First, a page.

This book offers to delineate a key phenomenon in contemporary Anglophone fiction: novel expansion, when the plot and characters from a finished novel are retrieved to be developed in new adventures set before, after or during the narrative time of the source-text. If autographic and allographic sequels are almost as old as literature, prequels – that imagine the anteriority of a narrative – and coquels – that develop secondary characters in the same story time as the source-text – are more recent. The overall trend for novel expansion spread in the mid-1980s and 1990s and has since shown no sign of abating.
This volume is organised following three types of relationships to the source-texts even if these occasionally combine to produce a more complex structure. This book comprises 11 essays, preceded by an introduction, that examine narrative strategies, aesthetic, ethical and political tendencies underlying these novel expansions. Following the overview provided in the introduction, the reader will find case studies of prequels, coquels and sequels before a final chapter that encompasses them all and more.
Table of Contents
Introduction: Narrative expansions - The Story So Far...
1 Prequel Ontology and Temporality: The Thresholds of John Updike’s Gertrude and Claudius
2 "Wide Sargasso Sea as a Prequel to Jane Eyre: From Visuality to Iconicity" (1966)
3 Literary Filiations and Textual Archeology: Caryl Phillips’s The Lost Child
4 A Coquel Set ‘far away, where the fighting was’: On Geraldine Brooks’ March and Louisa May Alcott’s Little Women"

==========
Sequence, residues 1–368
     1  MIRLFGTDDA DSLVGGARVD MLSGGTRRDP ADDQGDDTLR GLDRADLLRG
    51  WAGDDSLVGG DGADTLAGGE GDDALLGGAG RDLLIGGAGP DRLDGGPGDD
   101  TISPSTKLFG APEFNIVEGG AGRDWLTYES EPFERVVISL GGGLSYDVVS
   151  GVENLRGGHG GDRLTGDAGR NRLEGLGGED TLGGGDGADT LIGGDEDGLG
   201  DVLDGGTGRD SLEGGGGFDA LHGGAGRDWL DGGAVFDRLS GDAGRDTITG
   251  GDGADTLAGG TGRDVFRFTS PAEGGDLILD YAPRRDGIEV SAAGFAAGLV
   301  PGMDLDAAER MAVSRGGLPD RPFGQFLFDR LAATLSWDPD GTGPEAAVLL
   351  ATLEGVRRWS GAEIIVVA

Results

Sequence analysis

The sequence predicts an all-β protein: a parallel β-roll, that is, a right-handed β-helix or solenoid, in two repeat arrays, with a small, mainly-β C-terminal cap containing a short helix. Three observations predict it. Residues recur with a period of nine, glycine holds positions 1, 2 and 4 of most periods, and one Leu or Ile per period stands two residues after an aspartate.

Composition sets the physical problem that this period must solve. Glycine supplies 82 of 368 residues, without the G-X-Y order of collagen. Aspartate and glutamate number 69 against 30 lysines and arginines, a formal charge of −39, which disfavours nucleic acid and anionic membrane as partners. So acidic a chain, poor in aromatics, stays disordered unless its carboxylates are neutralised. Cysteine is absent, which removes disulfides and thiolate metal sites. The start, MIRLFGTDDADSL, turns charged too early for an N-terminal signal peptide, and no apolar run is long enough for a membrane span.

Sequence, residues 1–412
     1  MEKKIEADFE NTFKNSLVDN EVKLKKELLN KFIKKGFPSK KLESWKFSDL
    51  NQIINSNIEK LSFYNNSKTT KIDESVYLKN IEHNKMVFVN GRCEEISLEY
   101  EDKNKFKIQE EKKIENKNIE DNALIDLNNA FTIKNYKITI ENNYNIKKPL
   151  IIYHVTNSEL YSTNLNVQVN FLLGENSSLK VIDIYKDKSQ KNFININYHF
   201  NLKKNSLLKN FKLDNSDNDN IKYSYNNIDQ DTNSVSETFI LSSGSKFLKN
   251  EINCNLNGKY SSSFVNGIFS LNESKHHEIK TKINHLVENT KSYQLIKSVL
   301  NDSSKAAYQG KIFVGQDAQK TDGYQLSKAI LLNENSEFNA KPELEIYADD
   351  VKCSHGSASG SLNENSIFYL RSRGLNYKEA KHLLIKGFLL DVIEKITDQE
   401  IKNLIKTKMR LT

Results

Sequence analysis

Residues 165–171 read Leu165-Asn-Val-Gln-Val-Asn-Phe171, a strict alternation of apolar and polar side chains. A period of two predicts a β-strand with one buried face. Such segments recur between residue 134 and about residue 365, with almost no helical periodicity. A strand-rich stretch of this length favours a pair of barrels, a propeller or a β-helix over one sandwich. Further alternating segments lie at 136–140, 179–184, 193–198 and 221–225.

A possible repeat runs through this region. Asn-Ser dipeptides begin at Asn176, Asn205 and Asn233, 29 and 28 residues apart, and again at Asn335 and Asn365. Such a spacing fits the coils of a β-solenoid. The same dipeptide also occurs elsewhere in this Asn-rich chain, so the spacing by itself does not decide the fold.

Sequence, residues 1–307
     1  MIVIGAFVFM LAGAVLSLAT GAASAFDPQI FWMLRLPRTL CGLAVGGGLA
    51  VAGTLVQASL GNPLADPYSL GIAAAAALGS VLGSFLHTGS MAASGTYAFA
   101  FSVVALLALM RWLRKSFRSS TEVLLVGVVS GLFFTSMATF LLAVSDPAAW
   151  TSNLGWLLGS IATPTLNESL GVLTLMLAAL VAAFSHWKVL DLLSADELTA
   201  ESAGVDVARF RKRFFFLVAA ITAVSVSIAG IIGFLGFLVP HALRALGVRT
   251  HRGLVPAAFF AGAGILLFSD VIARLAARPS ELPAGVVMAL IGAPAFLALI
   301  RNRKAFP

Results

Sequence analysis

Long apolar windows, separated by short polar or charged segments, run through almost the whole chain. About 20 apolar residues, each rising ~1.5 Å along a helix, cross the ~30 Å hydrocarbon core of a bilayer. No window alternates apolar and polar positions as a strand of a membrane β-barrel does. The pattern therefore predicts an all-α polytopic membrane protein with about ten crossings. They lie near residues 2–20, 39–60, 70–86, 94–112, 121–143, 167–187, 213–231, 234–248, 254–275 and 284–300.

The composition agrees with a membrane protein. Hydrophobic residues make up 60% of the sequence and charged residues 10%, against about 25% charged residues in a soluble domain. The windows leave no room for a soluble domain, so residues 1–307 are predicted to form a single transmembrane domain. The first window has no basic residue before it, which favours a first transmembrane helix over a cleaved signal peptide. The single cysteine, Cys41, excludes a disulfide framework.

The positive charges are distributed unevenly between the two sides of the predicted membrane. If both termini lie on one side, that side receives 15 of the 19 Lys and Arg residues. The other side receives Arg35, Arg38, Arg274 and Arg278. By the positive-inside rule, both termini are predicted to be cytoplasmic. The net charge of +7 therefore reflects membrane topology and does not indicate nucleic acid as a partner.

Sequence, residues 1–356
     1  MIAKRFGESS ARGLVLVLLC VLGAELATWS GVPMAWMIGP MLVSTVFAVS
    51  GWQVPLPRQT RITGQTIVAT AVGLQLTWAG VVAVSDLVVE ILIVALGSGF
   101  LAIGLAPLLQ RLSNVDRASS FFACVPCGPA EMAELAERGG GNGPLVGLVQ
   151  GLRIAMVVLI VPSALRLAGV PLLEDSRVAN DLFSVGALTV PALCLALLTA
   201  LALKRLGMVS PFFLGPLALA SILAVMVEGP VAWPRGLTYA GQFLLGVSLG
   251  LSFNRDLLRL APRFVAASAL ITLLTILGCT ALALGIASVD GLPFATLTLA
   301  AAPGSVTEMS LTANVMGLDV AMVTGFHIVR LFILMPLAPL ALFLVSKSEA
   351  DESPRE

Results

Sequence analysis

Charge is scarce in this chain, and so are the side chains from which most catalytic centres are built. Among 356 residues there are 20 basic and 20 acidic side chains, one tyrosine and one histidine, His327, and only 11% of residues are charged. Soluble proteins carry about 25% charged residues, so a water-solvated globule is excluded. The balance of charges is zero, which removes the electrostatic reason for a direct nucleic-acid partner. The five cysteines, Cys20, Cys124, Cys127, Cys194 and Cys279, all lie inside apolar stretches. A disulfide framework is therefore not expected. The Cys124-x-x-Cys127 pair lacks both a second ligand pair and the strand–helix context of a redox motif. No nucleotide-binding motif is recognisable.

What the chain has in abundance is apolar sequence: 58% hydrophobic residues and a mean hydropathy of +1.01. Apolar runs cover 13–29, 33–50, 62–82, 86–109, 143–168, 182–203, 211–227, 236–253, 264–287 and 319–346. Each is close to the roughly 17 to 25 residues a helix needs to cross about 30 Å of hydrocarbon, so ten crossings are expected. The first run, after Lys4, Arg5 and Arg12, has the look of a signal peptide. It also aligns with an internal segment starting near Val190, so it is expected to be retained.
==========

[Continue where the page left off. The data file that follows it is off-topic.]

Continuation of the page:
5 Servants with a Voice in Jo Baker’s Longbourn, a Coquel to Pride and Prejudice
6 Sensibly Organized: Filling in Gaps with Harry Potter and the Methods of Rationality
7 The Neighborly Mr. Ripley: Patricia Highsmith’s Suburban Sequels
8 Julian Barnes and the Contemporary English Sequel
9 Messy Multiplicity: Strategies for Serialisation in New Adult Fiction
10 P. D. James’s Death Comes to Pemberley (2011), a Sequel with Many Twists
Prequels, Coquels, Sequels and Beyond
11 Uncanny Repetitions: The Generative Power of the "Reader, I Married Him" Mantra in Tracy Chevalier’s Anthology of Short Stories
List of Contributors
Armelle Parey is assistant professor at the University of Caen-Normandie, France. She has published a number of articles on narrative endings, memory and rewritings of the past in contemporary English-speaking fiction. She has co-edited collections of essays and guest-edited special issues on the question of narrative closure in fiction and film: Re-Writing Jane Eyre (La Revue LISA 4.4, 2006); Happy Endings and Films (Houdiard, 2010); Literary Happy Endings, Closure for Sunny Imaginations (Shaker Verlag, 2012); L’Inachevé ou l’ère des possibles dans la littérature anglophone, Récits ouverts et incomplets (Presses Universitaires de Caen, 2014); Character Migration in Anglophone Literature (E-rea 13.1, 2015). She is currently co-editing a collection on screen adaptations of literary endings. She has also guest-edited with Isabelle Roblin: A.S. Byatt, Before and after Possession: Recent Critical Approaches (Book Practices and Textual Itineraries 8, Presses Universitaires de Nancy-Editions de Lorraine, 2017).